Prospects for utilising plant-adaptive mechanisms to improve wheat and other crops in drought- and salinity-prone environments.

Book Title: NA
Year Published: 2005
Month Published: NA
Author: Reynolds, M. P. ; Mujeeb-Kazi, A. ; Sawkins, M.
Book Group Author: NA

Breeding for adaptation to abiotic stress is extremely challenging due to the complexity of the target environments as well as that of the stress-adaptive mechanisms adopted by plants. While many traits have been reported in the literature, these must be considered with respect to the type of environment for which a cultivar is targeted. In theory, stress-adaptive traits can be divided into groups whose genes and/or physiological effects are likely to be relatively independent such that when parents with contrasting traits are crossed, adaptive genes will be pyramided. Currently the following groups of candidate traits are being considered for drought adaptation in wheat: traits relating to: (i) pre-anthesis growth, (ii) water extraction, (iii) water use efficiency, (iv) photo-protection. A number of mechanisms relating to root function have potential to ameliorate drought stress. Hydraulic redistribution (HR) of water by roots of dryland shrubs enables even relatively small amounts of rainwater to be moved down into the soil profile actively by the root system before it evaporates from the soil surface. Another example is the symbiotic relationship of plants with mycorrhizal fungi that produce a glycoprotein that has a positive effect on soil structure and moisture characteristics. From an agronomic point of view, crop water use efficiency can be increased by exploiting the stress-adaptive mechanism whereby leaves reduce transpiration rate in response to a chemical root signal in response to drying soil. While there is limited genetic diversity for adaptation to salinity in wheat, tolerance has been found in the ancestral genomes of polyploid wheat and their relatives associated with sodium exclusion into the xylem. Wide crossing techniques such as production of synthetic hexaploids are being exploited to tap into this source of genetic diversity. Looking further into the future, progress is being made into understanding the regulatory mechanisms that are expressed under abiotic stress to maintain cellular homeostasis, as well as in the ability to genetically transform crop plants with genes from alien species.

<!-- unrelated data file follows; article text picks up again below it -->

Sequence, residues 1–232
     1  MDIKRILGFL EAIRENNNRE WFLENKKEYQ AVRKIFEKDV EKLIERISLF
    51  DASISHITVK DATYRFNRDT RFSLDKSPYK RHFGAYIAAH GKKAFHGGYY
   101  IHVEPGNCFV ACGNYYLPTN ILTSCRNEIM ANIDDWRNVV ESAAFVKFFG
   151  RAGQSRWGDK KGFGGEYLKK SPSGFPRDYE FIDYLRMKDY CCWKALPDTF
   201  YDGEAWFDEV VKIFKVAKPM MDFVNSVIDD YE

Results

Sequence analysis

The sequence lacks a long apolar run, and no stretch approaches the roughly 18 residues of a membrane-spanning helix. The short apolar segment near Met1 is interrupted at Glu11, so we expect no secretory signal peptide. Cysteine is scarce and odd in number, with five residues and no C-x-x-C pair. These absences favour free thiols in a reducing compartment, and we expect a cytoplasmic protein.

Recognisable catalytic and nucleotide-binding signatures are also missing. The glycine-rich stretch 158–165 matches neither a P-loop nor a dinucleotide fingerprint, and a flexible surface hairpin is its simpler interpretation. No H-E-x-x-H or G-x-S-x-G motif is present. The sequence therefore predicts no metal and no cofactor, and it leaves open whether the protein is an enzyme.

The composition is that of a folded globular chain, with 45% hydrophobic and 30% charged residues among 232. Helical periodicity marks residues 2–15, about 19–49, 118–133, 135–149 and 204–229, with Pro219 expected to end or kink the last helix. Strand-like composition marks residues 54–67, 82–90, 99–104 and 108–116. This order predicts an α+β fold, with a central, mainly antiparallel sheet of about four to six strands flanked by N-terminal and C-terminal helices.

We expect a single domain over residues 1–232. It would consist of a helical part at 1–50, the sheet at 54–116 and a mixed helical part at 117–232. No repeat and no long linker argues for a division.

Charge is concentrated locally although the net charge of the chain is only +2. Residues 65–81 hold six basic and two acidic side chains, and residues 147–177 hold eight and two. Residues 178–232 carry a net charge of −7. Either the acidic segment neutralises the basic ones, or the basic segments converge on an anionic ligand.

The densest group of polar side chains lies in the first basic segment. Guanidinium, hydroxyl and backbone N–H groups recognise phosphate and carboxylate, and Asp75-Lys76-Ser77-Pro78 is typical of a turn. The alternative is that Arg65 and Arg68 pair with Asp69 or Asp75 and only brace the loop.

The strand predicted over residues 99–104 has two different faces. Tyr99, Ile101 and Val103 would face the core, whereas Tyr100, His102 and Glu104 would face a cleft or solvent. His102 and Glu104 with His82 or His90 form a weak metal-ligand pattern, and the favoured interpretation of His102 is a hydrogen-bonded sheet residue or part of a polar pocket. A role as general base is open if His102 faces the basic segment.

Pages: 239 - 259
URL: http:////,ip,url,cpid&custid=s4640792&db=lah&AN=20053051500&site=ehost-live
Volume: 146
Number: 2
Journal: Annals of Applied Biology
Journal ISO: NA
Organization: NA
Publisher: NA
ISSN: 0003-4746

adaptation, crossing, drought, drought resistance,endomycorrhizas, genetic improvement, genetic transformation,irrigation, molecular genetics, mycorrhizal fungi, mycorrhizas, plantbreeding, plant genetic resources, reviews, salinity, salt tolerance,vesicular arbuscular mycorrhizas, wheat, plants, Triticum, Triticumaestivum, eukaryotes, Poaceae, Cyperales, monocotyledons, angiosperms,Spermatophyta, plants, Triticum, biochemical genetics, droughttolerance, watering, Field Crops (FF005) (New March 2000), PlantBreeding and Genetics (FF020), Environmental Tolerance of Plants(FF900), Soil Biology (JJ100), Soil Water Management (Irrigation andDrainage) (JJ800) (Revised June 2002) [formerly Soil Water Management],Genetic Engineering, Gene Transfer and Transgenics (WW100) (New June2002), General Molecular Biology (ZZ360) (Discontinued March 2000)

Source: EBSCO
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